//$SERVER/$SHARE $MOUNTPOINT $FS_TYPE credentials=$SMB_CREDENTIALS,uid=$UID,gid=$GID
Once completed exit nano and save the changes to fstab. Make sure that the shares mount correctly:
sudo mount -a
If successful, reboot and make sure that mounts and Plex start automagically.
Now configure your Plex shares! Enjoy.
The other day I bought a 4TB disk for my NAS, I needed to move all my data from an existing 2TB disk to the new 4TB disk. I used TeraCopy () for this, as not only does it appear to move the data quicker than Windows Explorer, but it can validate it after transfer.
The main problems I had related to the fact that I wasn’t simply adding a disk, I was replacing a disk.
First of all I used a free box that I had to run live NAS4Free and setup the disk. The sequence for encrpyting a disk in NAS4Free is as follows:
Create your encrypted volume using the previously added disk : This step will automatically ‘attach’ this volume
Format this encrypted volume
Add a Mount Point using this encrypted volume
It’s very important to follow this order, I tried to do 3 before 2 and always ran into problems mounting.
Once the disk was added I was able to transfer the data, the next step was waiting 24hrs.
After all the data had transferred it was time to remove the old drive and replace it with the new one.
Before removing the drive physically I deleted the following:
I did not remove encrypted reference, as I thought it would delete the contents of the drive, which I wanted as backup until I had confirmed the new drive was working.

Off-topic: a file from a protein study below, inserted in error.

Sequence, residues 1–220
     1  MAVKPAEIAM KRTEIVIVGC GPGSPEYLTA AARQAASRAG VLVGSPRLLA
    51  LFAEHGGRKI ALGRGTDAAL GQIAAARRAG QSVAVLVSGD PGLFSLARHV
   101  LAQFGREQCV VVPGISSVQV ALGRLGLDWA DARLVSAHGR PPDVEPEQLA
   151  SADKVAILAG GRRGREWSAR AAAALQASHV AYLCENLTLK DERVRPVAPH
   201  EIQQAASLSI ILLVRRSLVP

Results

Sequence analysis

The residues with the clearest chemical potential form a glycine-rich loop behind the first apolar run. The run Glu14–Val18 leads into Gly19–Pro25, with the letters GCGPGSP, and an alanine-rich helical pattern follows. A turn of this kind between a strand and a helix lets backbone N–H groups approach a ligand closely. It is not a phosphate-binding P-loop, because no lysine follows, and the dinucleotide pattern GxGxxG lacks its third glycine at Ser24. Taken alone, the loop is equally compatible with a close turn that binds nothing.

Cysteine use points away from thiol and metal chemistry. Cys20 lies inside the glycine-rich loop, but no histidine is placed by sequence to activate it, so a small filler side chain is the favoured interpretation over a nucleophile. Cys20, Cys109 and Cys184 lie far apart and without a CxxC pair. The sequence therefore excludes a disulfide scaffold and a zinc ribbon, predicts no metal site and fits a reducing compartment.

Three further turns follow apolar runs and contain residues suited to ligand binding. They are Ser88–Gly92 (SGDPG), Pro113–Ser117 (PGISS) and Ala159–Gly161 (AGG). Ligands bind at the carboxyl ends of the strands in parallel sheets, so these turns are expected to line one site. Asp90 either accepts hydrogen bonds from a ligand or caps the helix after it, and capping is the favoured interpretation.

Next step was to physically remove the drive and replace it with the new one. Once the drive was in I had to do the following steps to get everything up and running:
Add disk (note it is encrypted)
Remove previous encypted disk information
Add new disk to encryption list (NOTE: DO NOT INITIALIZE)
Create Mount Point (NOTE: I had to fsck/check-disk first, as I was receiving errors when mounting)
Add CIFS/SMB share
I did a couple of reboots to make sure everything was coming up as expected. At this point I took a new backup of the NAS4Free configuration.
So, for the longest time I tried to get
working with iPhone and my home server (my problem was I was trying to use FTPS, instead of SFTP). Using FileZilla I could always successfully connect using “require explicit FTP over TLS”:
Based on this I figured it was an issue with the iPhone apps, I think it was error 425 (cannot build data connections). Then I thought it was my , since I used , I figured maybe something was screwy – a draw back of bleeding edge geeky stuff, you question it. Anyway, it was a port configuration issue by me.
I needed to open port 22, not 21. I also had to connect using different settings SFTP.
As for iPhone client, I have tried a few; FTPOnTheGo, Files Connect, and Easy FTP. Of them all I like FTPOnTheGo – I should probably look into the options again – considering iPad clients too.
Since I originally stater this investigation and setup, I treated myself to a new router . I might write a quick review on it actually…
Previously on FreeNAS 0.7.2 I had to use the following configuration
to get additional speed on my transfers, and those benefits were only
when copying to the NAS, not from it.
Everything was acceptable on FreeNAS 0.7.2, however updates had